We often speak of young people as an entire generation, but that only works when they have strong generational awareness or solidarity. Otherwise, they are merely a cohort. To give a personal example, I am too young to be part of Generation X, yet I'm a bit older than the Millennials. Almost no one my age (roughly mid-late 20s) is stuck in the culture of their adolescence and college years and never will be, in the way that many Baby Boomers are culturally stuck in 1968 and many Gen X-ers are stuck in 1992. It is possible to be a traitor to your generation if you're a Boomer or X-er, but since my cohort doesn't view itself as a Generation, the idea of defecting fails to make sense.

The same goes for the cohort born between roughly 1958 and 1964 -- their age-mates will not burn them at the stake for saying that they never liked disco music or punk rock, unlike a Boomer who said he didn't like the Beatles' later albums or a Gen X-er who said he always thought alternative rock was lame.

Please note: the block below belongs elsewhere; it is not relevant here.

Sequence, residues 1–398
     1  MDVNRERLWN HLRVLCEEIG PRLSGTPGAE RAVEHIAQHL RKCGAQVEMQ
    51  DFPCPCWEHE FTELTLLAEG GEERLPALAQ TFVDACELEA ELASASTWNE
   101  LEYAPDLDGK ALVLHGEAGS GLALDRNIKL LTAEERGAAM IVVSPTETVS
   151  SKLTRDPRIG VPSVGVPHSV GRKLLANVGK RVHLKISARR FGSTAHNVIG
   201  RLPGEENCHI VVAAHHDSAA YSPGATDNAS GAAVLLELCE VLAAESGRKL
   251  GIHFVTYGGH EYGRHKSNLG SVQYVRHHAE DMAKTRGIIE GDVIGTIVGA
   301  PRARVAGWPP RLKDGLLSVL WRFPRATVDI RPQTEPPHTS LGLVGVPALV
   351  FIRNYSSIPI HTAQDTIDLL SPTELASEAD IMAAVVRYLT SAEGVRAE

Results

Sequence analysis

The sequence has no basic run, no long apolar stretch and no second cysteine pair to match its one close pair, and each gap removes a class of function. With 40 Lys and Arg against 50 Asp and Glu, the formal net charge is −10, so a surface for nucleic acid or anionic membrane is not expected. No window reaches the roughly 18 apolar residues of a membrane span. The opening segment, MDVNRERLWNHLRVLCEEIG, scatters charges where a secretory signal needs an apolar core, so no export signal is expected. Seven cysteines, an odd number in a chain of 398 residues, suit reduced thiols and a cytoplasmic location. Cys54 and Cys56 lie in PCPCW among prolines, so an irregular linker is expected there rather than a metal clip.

In any case, how do we quantify this sentiment? I simply searched the Crimson for "generation," which will turn up any time a member of a Generation writes about their age-mates as though they were a cohesive group, as well as when older people recognize the young people of today as being different and a cohesive group. I assume that its secondary use as a synonym for creation is roughly constant over time, so that changes reflect its primary use. The counts for the very early years are low, and the number of articles with "one" is also low, so I'm not so sure that the standardized measurement is telling us something real for that time period. Thus, along with the standardized graph, I've included one that shows just the counts. Here are the results:

The trendline is exponential, although other simple trends show roughly the same picture. It seems that during Gilded Age and Progressive Era, thinking in generational terms was not very common, although it does turn up toward the end of the Progressive Era. I'll get to my conjecture about this after surveying the other periods.